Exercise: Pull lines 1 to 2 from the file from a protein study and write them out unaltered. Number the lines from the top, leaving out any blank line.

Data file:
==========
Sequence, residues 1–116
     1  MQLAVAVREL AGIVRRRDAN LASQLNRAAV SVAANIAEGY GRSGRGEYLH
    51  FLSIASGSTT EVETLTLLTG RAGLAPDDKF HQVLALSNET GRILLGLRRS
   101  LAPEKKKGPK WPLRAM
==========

Sequence, residues 1–116
     1  MQLAVAVREL AGIVRRRDAN LASQLNRAAV SVAANIAEGY GRSGRGEYLH